Imagine confiding in a friend about your deepest secrets, only to have those secrets betrayed and spread to others. Or a close friend suddenly distancing themselves from you without explanation, leaving you feeling abandoned and confused. These are the kinds of situations that can lead to friendship trauma. It's the unexpected and painful twists in our relationships that can shake us to our core.

To those who have walked through the shadows of friendship trauma, know this: You are stronger than you realize. You can heal, grow, and find joy and fulfillment in new connections. Take small steps toward rebuilding your life and trust in friendships. Seek those who lift you up, nurture your passions, and celebrate your progress.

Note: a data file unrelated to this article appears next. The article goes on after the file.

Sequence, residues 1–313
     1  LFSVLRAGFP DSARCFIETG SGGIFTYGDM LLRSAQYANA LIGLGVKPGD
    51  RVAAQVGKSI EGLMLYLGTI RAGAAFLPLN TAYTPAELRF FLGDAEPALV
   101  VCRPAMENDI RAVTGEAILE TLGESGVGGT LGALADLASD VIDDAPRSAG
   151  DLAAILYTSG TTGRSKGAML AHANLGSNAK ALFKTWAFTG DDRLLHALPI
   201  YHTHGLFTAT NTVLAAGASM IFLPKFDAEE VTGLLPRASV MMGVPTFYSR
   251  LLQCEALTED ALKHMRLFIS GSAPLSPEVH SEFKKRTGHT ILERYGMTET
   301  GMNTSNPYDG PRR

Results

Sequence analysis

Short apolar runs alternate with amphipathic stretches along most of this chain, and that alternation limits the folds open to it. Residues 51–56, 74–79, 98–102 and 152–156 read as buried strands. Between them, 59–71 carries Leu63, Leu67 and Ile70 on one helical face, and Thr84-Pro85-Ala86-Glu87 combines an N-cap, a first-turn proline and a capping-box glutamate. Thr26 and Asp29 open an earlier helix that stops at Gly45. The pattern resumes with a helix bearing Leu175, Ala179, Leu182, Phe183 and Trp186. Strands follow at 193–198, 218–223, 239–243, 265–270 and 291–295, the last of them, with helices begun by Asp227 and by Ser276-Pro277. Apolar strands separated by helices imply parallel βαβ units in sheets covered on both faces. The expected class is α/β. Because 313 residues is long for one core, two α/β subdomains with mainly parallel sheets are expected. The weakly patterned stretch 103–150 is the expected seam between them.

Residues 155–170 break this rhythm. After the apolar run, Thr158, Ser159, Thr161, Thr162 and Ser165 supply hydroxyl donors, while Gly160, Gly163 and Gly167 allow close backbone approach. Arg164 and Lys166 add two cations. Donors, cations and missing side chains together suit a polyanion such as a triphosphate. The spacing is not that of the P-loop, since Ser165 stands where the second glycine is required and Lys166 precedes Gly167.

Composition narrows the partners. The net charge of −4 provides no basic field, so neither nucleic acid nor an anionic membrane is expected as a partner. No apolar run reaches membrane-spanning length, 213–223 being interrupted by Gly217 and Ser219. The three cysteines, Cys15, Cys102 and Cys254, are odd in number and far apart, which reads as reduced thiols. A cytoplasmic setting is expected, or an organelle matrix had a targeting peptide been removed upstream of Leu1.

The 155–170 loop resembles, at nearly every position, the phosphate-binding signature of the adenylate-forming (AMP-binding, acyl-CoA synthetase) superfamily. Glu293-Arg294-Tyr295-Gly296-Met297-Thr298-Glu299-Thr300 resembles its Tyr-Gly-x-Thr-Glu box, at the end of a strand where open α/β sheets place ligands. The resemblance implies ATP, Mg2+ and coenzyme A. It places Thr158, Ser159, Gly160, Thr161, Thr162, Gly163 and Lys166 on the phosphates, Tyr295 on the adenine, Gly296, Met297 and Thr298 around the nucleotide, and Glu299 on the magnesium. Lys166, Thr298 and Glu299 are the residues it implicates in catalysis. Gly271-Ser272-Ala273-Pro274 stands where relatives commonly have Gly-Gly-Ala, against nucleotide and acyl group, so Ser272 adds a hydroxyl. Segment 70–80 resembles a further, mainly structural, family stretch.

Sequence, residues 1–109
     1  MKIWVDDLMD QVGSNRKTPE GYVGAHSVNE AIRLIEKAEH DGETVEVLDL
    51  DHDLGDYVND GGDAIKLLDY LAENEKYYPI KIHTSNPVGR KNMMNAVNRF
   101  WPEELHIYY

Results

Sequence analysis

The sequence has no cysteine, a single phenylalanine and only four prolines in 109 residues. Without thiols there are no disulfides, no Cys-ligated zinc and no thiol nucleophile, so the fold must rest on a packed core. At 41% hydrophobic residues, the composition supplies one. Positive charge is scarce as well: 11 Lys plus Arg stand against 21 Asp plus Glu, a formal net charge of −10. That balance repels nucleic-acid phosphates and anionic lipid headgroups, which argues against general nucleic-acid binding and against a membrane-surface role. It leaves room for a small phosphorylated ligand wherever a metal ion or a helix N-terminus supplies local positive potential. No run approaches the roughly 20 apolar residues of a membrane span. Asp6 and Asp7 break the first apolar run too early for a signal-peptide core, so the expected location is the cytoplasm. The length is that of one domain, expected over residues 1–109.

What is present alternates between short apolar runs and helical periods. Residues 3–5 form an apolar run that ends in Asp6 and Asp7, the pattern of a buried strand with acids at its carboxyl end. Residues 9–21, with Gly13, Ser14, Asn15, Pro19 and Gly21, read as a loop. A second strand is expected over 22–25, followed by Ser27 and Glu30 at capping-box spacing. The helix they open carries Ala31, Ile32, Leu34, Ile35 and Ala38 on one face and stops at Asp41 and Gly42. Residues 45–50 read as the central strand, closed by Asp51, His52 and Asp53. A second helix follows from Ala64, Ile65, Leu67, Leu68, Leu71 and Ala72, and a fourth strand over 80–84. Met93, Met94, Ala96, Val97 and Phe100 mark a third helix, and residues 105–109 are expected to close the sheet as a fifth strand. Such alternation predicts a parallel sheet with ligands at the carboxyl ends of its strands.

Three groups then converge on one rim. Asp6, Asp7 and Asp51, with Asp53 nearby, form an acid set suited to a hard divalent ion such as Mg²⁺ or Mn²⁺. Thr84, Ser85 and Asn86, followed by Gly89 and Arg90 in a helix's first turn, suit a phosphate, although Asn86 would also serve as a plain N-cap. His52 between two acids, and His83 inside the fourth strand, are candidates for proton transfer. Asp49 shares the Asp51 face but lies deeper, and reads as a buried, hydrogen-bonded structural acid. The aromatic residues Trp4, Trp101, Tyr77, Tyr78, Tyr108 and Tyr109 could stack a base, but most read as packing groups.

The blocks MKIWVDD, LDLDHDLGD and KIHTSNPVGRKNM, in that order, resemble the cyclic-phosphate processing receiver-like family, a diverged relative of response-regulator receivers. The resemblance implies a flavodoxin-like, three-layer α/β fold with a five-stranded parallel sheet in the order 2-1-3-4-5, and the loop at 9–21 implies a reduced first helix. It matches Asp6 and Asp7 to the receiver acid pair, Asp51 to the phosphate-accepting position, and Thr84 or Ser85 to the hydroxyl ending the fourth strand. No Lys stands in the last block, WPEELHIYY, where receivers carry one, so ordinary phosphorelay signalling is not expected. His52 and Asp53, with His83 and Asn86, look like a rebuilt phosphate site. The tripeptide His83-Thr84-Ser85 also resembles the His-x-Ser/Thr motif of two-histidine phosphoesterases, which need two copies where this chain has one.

The Range of Emotions

When friendship takes a painful turn, it's not just sadness that envelops us; it's an entire spectrum of emotions like;

  • Betrayal: It's that feeling when someone you trusted deeply has let you down, shattered your faith or fundamentally violated your trust.

  • Anger: Anger often surges as a protective mechanism, a natural response to feeling hurt or wronged. It's a sign that your boundaries have been crossed.

  • Sadness: Profound sadness can wash over you like a tidal wave, making it hard to find joy in the things you once loved.

  • Confusion: The "why" questions can be relentless. Why did this happen? What did I do wrong? These questions can circle endlessly in your mind, adding to the emotional turmoil.